Parents should treat teenage stress education just as importantly as they do any other topic in a teenager’s educational curriculum, including substance abuse education, or sex education. So says Dr Carl Pickhardt, a psychiatrist in Austin, Texas and author of several books, the most recent of which include The Connected Father, The Future of Your Only Child, and Stop Screaming. Here are some of his thoughts on what he describes as the hard half of parenting, and in particular, dealing with teenage stress issues.
There are three major aspescts of teenage stress to consider: its causes, its warning signs, and how to guard against its onset.
Looking first at the causes, it boils down to teenagers having a feeling of not being able to cope with the demands being placed upon them. There is a sense of not having the resources to cope with these demands, and a concern about the consequences of their not being able to cope. The predominant emotion is anxiety over this apparently overwhelming demand.
Looking next at the warning signs of teenage stress, here are 4 major clues to watch out for:
constant fatigue stress can wear you out and make you feel tired all the time
persistent discomfort stress can actually hurt, since both mind and body register stress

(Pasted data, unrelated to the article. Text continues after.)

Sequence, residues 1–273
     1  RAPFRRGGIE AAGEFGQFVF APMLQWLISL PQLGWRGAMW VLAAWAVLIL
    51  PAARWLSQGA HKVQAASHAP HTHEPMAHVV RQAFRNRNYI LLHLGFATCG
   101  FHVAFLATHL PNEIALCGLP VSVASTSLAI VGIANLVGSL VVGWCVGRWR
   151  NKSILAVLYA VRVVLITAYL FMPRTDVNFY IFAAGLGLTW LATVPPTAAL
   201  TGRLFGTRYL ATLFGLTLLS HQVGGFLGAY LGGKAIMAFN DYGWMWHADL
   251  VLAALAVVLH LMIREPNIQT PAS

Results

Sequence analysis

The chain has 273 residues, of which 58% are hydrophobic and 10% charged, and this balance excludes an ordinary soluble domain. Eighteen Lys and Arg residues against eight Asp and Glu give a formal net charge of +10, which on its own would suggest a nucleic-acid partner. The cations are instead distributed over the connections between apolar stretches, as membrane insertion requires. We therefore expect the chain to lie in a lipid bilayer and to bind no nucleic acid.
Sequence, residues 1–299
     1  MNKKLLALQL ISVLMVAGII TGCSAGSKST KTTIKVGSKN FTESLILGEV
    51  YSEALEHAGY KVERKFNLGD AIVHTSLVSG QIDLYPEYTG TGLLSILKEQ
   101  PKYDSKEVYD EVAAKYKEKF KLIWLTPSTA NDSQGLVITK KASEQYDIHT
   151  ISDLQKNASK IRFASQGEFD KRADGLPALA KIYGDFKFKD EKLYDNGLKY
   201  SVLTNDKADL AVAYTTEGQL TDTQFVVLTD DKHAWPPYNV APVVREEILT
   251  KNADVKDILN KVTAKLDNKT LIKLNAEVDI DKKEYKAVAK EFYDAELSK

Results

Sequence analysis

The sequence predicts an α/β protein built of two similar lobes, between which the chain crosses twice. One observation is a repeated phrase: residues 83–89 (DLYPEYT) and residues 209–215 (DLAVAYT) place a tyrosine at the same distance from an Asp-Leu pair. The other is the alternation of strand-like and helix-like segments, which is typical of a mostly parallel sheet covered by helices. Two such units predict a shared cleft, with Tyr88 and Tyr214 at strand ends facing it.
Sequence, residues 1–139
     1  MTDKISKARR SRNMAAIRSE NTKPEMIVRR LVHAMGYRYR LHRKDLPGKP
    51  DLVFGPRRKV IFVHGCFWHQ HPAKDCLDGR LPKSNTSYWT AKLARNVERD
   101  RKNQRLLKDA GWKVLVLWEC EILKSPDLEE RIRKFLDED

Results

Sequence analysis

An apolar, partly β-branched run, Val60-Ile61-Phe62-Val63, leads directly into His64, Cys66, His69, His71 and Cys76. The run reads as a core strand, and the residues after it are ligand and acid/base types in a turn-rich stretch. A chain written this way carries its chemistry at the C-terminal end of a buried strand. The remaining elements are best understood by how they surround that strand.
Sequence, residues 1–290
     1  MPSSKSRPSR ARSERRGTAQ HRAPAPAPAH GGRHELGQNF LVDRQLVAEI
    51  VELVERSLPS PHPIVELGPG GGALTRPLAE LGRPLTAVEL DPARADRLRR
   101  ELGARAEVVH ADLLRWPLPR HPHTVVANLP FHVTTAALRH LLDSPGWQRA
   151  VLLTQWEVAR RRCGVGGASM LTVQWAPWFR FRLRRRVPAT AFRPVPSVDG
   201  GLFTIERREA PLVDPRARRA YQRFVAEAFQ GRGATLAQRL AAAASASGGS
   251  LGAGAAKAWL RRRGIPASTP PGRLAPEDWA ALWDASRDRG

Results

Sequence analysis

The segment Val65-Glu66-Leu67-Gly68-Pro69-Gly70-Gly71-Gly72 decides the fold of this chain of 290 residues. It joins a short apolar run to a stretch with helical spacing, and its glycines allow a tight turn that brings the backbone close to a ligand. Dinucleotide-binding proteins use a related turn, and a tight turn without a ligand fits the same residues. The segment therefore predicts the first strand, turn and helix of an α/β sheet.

burnout stress can cause depression, and change what you care about
breakdown stress can be debilitating, and leave you unmotivated
So, we see that in order to guard against the onset of stress, teenagers have to avoid creating excess demands upon themselves. There are three major sources of this excess demand, and they are: goals, standards, and limits. Let’s look briefly at each of these in turn.
There’s nothing wrong with teenagers setting very ambitious goals for themselves. However, they have to learn that this comes at the price of putting a lot of demand on themselves. This is especially true if they are setting lots of ambitious goals in lots of different areas of their lives. It’s only natural for teenagers, just like the rest of us, to want to succeed in everything that they do; the “trick” is to be aware from the outset that they are creating the potential for stress. Then, hopefully, they can avoid the pitfall of over-commiting themselves, or if they do fall into that trap, at least be able to recognize when they do, and take appropriate steps. Even teenagers have only so much time and energy in any one day.
The same arguments apply to teenagers setting standards for themselves, where again they need to guard against putting undue pressure on themselves by a tendency to seek perfection in everything they do. This would be as good a time as any for them to realize that perfection is a fallacy. Setting limits is as much about teenagers placing limits on their desire to fulfill what they see as their obligations to others, as it is about them setting limits on their efforts to fulfill their own wants.
So it’s not difficult to see that the higher the goals, standards and limits that teenagers put on themselves, the higher the demands they place on themselves, and the greater the chance that they will put themselves under stress from over demand. The good news is that the ability to set challenging and yet realistic goals, standards, and limits is not somehow pre-ordained at birth. It is in reality a learned skill, which teenagers can develop gradually as they grow in maturity and confidence in their own abilities. It is a skill from which they can derive enormous benefit not just in dealing with teenage stress, but also throughout the rest of their lives.